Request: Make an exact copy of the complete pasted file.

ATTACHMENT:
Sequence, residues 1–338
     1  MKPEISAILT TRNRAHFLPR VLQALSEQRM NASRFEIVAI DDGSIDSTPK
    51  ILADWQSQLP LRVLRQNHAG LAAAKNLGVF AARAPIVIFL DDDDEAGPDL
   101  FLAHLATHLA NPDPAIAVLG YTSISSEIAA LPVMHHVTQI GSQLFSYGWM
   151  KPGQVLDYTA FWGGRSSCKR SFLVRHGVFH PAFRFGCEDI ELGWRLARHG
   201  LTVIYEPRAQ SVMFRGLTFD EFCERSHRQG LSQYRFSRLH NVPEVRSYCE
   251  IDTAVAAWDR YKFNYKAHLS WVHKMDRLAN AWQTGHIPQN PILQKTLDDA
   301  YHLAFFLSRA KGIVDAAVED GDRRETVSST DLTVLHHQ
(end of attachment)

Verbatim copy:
Sequence, residues 1–338
     1  MKPEISAILT TRNRAHFLPR VLQALSEQRM NASRFEIVAI DDGSIDSTPK
    51  ILADWQSQLP LRVLRQNHAG LAAAKNLGVF AARAPIVIFL DDDDEAGPDL
   101  FLAHLATHLA NPDPAIAVLG YTSISSEIAA LPVMHHVTQI GSQLFSYGWM
   151  KPGQVLDYTA FWGGRSSCKR SFLVRHGVFH PAFRFGCEDI ELGWRLARHG
   201  LTVIYEPRAQ SVMFRGLTFD EFCERSHRQG LSQYRFSRLH NVPEVRSYCE
   251  IDTAVAAWDR YKFNYKAHLS WVHKMDRLAN AWQTGHIPQN PILQKTLDDA
   301  YHLAFFLSRA KGIVDAAVED GDRRETVSST DLTVLHHQ